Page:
"Meat-eaters are sexy; plant-eaters are not," Dodson said. "This isn't a flashy dinosaur. But it has an interesting feature in that it's one of the most abundant dinosaurs known to science."

Indeed, many hundreds of Psittacosaurus specimens have been found. This abundance made the genus ideal for Hedrick and Dodson's comparative study, as it is easier to determine relationships within and between species when there are more individuals to compare.

"For example, if you have a single dachshund and a single beagle, they may appear to be different species until you found 40 dachshund-beagle mixes of various grades to examine," Hedrick said.

The scientists examined Psittacosaurus skulls discovered in the fossilized ashes of the Lujiatun beds of northeastern China's Yixian Formation. Paleontologists had previously identified the skulls as belonging to three different species, Psittacosaurus lujiatunensis, P. major or Hongshanosaurus houi.

To compare and contrast the specimens, the researchers used two techniques. First they conducted a traditional study in which they examined every skull that had been classified as one of those three species a total of 74 specimens for a variety of characteristics that had been used in prior studies to distinguish the species. The Penn team also compared these fossils to skulls that had been classified as belonging to eight other Psittacosaurus species.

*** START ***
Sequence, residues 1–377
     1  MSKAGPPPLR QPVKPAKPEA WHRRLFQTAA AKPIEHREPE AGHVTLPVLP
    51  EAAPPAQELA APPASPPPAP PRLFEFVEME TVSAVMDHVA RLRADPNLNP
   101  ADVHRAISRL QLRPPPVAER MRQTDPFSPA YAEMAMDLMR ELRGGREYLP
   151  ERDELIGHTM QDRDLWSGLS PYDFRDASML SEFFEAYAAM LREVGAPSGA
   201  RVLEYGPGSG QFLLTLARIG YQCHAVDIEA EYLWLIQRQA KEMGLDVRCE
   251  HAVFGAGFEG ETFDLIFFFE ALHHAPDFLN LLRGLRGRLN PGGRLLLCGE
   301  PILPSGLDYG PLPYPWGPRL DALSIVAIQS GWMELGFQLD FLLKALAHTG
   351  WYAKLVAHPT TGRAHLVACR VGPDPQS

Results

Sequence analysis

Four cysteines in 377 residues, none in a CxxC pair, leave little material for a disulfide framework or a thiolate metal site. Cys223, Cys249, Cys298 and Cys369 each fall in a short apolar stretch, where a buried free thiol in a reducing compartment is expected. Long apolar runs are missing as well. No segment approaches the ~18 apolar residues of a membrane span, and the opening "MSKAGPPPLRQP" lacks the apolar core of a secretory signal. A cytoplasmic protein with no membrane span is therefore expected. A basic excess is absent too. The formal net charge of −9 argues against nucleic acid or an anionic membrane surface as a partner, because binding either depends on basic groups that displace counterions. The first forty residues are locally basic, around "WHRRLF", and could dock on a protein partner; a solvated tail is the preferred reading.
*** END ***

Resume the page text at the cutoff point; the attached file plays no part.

Next they completed a more high-tech analysis of 30 skulls from the three named species. Using a hand-held stylus that captures a point in space relative to a transmitter, they pinpointed 56 "landmarks," or particular anatomical locations, on each fossil and compared the relative position of those marks between specimens. They also used a hand-held, laser-emitting scanner to make a three-dimensional image of each specimen, similar to a CT scan, from which they also collected landmark data.

Based on the "old-fashioned" method of examining the physical skulls, the researchers concluded that the three purported species were in fact one. They propose that all three can be considered members of the species P. lujiatunensis.